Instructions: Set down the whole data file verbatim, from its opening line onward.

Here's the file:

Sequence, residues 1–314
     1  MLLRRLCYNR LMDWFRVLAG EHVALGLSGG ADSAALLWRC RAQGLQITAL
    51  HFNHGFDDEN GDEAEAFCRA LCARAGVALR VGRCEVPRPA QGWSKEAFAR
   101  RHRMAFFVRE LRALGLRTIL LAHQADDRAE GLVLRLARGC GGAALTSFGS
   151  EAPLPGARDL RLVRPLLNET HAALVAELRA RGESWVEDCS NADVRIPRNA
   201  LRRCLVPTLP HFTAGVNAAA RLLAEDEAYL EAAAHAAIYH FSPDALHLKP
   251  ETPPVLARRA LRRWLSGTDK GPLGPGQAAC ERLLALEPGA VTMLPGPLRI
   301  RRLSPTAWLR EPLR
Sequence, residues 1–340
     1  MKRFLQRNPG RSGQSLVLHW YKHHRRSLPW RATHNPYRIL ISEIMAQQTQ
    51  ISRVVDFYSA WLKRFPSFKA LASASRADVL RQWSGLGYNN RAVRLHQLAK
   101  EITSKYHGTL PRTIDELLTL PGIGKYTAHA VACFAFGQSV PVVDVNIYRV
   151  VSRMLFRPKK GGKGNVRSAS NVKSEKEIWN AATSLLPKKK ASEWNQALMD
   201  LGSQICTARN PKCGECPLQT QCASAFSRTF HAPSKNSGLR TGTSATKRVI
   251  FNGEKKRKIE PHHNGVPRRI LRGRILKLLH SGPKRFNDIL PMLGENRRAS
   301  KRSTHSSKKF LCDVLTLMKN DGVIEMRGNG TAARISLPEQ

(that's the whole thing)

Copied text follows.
Sequence, residues 1–314
     1  MLLRRLCYNR LMDWFRVLAG EHVALGLSGG ADSAALLWRC RAQGLQITAL
    51  HFNHGFDDEN GDEAEAFCRA LCARAGVALR VGRCEVPRPA QGWSKEAFAR
   101  RHRMAFFVRE LRALGLRTIL LAHQADDRAE GLVLRLARGC GGAALTSFGS
   151  EAPLPGARDL RLVRPLLNET HAALVAELRA RGESWVEDCS NADVRIPRNA
   201  LRRCLVPTLP HFTAGVNAAA RLLAEDEAYL EAAAHAAIYH FSPDALHLKP
   251  ETPPVLARRA LRRWLSGTDK GPLGPGQAAC ERLLALEPGA VTMLPGPLRI
   301  RRLSPTAWLR EPLR
Sequence, residues 1–340
     1  MKRFLQRNPG RSGQSLVLHW YKHHRRSLPW RATHNPYRIL ISEIMAQQTQ
    51  ISRVVDFYSA WLKRFPSFKA LASASRADVL RQWSGLGYNN RAVRLHQLAK
   101  EITSKYHGTL PRTIDELLTL PGIGKYTAHA VACFAFGQSV PVVDVNIYRV
   151  VSRMLFRPKK GGKGNVRSAS NVKSEKEIWN AATSLLPKKK ASEWNQALMD
   201  LGSQICTARN PKCGECPLQT QCASAFSRTF HAPSKNSGLR TGTSATKRVI
   251  FNGEKKRKIE PHHNGVPRRI LRGRILKLLH SGPKRFNDIL PMLGENRRAS
   301  KRSTHSSKKF LCDVLTLMKN DGVIEMRGNG TAARISLPEQ